The Holocaust

Pickles reflects on the talents lost in the death camps

By Jennifer Lipman, February 2, 2012

A month after visiting Auschwitz, Communities Secretary Eric Pickles told the national Holocaust Memorial Day ceremony that the Shoah had deprived Europe of "people who would have become household names.

"Those shoes weren't meant to go to a death camp," he said, recalling the piles of footwear from victims of the Nazis.


Stolen plaque replaced

By Cathy Forman, February 2, 2012

A Holocaust memorial was unveiled in Harlow to replace a bronze plaque stolen in December.

The dedication ceremony was led by Harlow Reform's Rabbi Irit Shillor, who said: "It is terrible that people were prepared to destroy this memorial for the few pounds they could get.


Austrian politician accused of 'trivialising' Holocaust

By Toby Axelrod, February 2, 2012

Austria's Jewish community is demanding that a far-right Austrian politician be prosecuted for allegedly trivialising the Holocaust.

According to the Austrian daily Standard, Heinz-Christian Strache, leader of the country's Freedom Party, claimed at a fancy-dress ball, where guests included neo-Nazis, that "we are the new Jews".


Tributes to Holocaust survivor who kept on giving

By Jennifer Lipman, February 2, 2012

Tributes poured in this week for Holocaust survivor Roman Halter, who died on Monday, aged 85.

Mr Halter, who moved to Britain after the war and worked as an architect and artist, lost all his family in the Holocaust. He was best known for his stained glass window work, examples of which exist in synagogues and churches around Britain.


Auschwitz survivor Roman Halter dies at 85

By Jennifer Lipman, January 31, 2012

Holocaust survivor Roman Halter has died at the age of 85.

Mr Halter, who moved to Britain after the war and worked as an architect and artist, lost all his family in the Holocaust.

Born in Chodecz in Poland, he was sent to the Lodz ghetto, where he worked in a metal factory, as a young teenager.


'If you couldn't walk, they shot you'

By Jennifer Lipman, January 26, 2012

As a child growing up in a Romanian village, Leslie Kleinman heard stories about the Nazis from Polish escapees.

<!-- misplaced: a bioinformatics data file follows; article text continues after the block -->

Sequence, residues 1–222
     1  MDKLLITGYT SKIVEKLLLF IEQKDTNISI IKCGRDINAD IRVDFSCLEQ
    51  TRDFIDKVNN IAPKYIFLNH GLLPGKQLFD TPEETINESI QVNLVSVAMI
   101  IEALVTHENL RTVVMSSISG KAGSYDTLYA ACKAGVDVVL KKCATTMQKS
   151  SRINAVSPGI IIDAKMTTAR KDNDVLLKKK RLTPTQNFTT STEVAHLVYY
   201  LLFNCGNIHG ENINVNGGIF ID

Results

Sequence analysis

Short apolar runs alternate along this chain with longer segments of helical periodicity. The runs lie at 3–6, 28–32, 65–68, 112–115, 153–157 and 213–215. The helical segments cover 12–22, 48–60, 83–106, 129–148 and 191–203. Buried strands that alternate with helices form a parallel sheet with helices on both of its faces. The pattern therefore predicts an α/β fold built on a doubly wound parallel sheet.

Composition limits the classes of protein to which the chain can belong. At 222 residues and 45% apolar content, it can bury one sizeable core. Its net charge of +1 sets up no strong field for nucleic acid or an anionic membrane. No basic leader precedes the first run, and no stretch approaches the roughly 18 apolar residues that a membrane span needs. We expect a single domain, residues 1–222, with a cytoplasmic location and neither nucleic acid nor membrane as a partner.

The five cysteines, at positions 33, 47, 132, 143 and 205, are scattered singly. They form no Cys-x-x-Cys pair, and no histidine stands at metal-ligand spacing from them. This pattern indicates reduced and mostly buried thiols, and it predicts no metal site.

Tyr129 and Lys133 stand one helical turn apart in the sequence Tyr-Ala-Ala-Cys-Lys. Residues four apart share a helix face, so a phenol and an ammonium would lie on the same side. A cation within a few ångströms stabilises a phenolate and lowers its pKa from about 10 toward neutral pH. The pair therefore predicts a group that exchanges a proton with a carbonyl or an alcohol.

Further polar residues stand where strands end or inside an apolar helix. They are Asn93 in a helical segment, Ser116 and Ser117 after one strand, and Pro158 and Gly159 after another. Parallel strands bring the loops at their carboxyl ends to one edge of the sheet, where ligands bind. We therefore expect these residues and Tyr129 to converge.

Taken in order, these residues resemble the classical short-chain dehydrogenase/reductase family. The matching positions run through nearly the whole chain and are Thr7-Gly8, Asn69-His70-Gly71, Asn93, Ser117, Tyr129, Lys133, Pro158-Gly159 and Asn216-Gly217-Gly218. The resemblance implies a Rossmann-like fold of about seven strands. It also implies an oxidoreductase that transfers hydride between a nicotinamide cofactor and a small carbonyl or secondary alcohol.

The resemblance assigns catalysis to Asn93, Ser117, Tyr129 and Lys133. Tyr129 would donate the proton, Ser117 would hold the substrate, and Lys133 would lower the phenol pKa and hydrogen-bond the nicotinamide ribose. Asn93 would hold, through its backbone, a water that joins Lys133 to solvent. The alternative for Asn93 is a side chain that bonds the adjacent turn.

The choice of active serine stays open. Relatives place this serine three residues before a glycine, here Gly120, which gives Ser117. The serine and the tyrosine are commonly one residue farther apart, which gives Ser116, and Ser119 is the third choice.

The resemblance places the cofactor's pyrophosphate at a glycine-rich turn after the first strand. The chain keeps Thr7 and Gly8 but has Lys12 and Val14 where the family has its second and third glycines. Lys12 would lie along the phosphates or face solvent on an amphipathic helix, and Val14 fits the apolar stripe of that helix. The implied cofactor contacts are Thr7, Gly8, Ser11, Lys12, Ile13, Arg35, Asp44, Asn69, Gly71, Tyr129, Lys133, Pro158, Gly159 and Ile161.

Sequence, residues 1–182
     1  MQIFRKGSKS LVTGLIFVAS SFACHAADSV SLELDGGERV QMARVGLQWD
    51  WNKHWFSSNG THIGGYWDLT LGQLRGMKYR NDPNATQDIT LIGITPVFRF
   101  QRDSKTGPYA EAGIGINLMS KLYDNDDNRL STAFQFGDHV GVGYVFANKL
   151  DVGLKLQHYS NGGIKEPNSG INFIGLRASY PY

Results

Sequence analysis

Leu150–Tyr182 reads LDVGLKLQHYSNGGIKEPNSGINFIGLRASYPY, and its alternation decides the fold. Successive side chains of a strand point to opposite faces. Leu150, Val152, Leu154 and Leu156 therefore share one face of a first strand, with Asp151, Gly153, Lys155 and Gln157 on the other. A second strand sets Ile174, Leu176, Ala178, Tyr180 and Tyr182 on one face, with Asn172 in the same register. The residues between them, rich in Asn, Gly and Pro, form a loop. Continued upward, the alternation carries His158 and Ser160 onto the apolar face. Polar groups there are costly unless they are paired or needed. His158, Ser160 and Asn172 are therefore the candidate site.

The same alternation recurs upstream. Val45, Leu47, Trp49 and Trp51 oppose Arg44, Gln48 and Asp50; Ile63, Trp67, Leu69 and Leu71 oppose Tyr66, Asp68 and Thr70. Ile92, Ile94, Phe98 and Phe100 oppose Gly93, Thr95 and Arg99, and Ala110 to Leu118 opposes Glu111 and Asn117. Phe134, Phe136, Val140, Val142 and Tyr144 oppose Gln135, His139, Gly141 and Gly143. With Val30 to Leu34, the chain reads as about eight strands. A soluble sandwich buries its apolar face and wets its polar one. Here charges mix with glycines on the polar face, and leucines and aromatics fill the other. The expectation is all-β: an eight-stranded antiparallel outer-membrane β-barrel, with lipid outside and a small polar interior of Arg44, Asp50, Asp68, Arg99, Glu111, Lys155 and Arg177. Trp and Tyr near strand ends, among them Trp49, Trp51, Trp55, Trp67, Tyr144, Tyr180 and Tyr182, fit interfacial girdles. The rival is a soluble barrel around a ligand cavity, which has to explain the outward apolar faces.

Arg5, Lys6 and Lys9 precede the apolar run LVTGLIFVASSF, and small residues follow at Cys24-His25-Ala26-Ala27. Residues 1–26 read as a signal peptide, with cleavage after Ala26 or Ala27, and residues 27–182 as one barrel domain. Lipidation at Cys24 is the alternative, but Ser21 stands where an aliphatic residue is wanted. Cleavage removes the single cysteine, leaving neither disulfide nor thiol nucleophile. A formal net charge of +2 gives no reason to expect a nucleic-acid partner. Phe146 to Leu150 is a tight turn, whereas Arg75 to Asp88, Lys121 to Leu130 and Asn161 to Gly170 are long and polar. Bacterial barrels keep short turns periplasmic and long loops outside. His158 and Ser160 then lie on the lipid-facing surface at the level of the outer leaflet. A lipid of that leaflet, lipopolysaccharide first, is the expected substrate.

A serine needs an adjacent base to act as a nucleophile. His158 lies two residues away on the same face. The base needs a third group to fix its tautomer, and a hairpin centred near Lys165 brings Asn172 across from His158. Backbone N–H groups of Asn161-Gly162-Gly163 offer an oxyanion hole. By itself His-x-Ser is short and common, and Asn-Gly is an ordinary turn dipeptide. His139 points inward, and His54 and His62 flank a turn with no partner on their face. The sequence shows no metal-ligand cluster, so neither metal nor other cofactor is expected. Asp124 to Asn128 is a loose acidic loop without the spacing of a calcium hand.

"One man said they were pulling children's legs apart and killing them," recalled Mr Kleinman, who was 14 when the Nazis arrived in his village in the spring of 1944. "I thought it was just a story. When I got to Auschwitz, I realised it was true."


'I was so scared when the Gestapo held us at gunpoint'

By Jonathan Kalmus, January 26, 2012

Helen Stein was 13 when the Gestapo interrogated her at gunpoint.

"One pointed his revolver towards me. I will never forget. I was asked my name, my address and who organised the journey. And after each question: 'Are you Jewish?' I told them my real name. I told them, 'I'm frightened.'"


Call to correct Ireland's Holocaust-era 'moral bankruptcy'

By Jennifer Lipman, January 26, 2012

The Irish Justice Minister has issued an apology for his country's treatment of thousands of soldiers who deserted the Irish army to fight against the Nazis during the Second World War.

Alan Shatter, who is Jewish, suggested on Wednesday that a pardon was on the way for soldiers who left Ireland "to fight for freedom and who were subsequently dishonourably discharged from the defence forces".


German youths unaware of Auschwitz

By Jennifer Lipman, January 25, 2012

Sixty-seven years after the liberation of Auschwitz, one in five young Germans remain clueless about where the concentration camp was located.

Ten per cent of those surveyed for Germany's Stern news magazine were unaware that Auschwitz, where 1.1 million Jews and non-Jews perished, was a concentration camp.


In Darkness: Oscar nominated Polish Holocaust film

By Jennifer Lipman, January 24, 2012

Nominated for an Academy Award, director Agnieszka Holland's film In Darkness tells the story of a family from the Lvov ghetto hidden with the help of a Polish man, and the bond that forms between them.